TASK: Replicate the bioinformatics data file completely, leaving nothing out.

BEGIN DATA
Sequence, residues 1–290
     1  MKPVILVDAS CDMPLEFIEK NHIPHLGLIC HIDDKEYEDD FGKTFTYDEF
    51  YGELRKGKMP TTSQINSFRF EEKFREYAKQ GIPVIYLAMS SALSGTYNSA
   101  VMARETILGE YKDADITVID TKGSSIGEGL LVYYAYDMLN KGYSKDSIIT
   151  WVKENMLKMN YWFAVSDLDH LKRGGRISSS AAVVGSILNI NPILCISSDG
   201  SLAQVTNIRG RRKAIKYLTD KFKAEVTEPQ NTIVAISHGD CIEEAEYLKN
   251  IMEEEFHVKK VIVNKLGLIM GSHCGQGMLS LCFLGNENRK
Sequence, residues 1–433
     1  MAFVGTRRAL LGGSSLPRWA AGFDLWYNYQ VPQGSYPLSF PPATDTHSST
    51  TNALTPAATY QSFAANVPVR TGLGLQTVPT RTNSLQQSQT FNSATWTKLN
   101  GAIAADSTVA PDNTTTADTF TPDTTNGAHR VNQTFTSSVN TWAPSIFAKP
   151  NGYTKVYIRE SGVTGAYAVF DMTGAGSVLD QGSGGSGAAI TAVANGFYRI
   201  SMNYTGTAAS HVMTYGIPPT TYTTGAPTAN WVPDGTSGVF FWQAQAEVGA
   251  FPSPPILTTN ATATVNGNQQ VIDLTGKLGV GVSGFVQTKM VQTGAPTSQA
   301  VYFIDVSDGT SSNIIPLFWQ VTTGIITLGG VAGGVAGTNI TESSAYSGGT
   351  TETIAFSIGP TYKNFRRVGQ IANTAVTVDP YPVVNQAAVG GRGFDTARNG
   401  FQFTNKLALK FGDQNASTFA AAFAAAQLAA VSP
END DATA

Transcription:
Sequence, residues 1–290
     1  MKPVILVDAS CDMPLEFIEK NHIPHLGLIC HIDDKEYEDD FGKTFTYDEF
    51  YGELRKGKMP TTSQINSFRF EEKFREYAKQ GIPVIYLAMS SALSGTYNSA
   101  VMARETILGE YKDADITVID TKGSSIGEGL LVYYAYDMLN KGYSKDSIIT
   151  WVKENMLKMN YWFAVSDLDH LKRGGRISSS AAVVGSILNI NPILCISSDG
   201  SLAQVTNIRG RRKAIKYLTD KFKAEVTEPQ NTIVAISHGD CIEEAEYLKN
   251  IMEEEFHVKK VIVNKLGLIM GSHCGQGMLS LCFLGNENRK
Sequence, residues 1–433
     1  MAFVGTRRAL LGGSSLPRWA AGFDLWYNYQ VPQGSYPLSF PPATDTHSST
    51  TNALTPAATY QSFAANVPVR TGLGLQTVPT RTNSLQQSQT FNSATWTKLN
   101  GAIAADSTVA PDNTTTADTF TPDTTNGAHR VNQTFTSSVN TWAPSIFAKP
   151  NGYTKVYIRE SGVTGAYAVF DMTGAGSVLD QGSGGSGAAI TAVANGFYRI
   201  SMNYTGTAAS HVMTYGIPPT TYTTGAPTAN WVPDGTSGVF FWQAQAEVGA
   251  FPSPPILTTN ATATVNGNQQ VIDLTGKLGV GVSGFVQTKM VQTGAPTSQA
   301  VYFIDVSDGT SSNIIPLFWQ VTTGIITLGG VAGGVAGTNI TESSAYSGGT
   351  TETIAFSIGP TYKNFRRVGQ IANTAVTVDP YPVVNQAAVG GRGFDTARNG
   401  FQFTNKLALK FGDQNASTFA AAFAAAQLAA VSP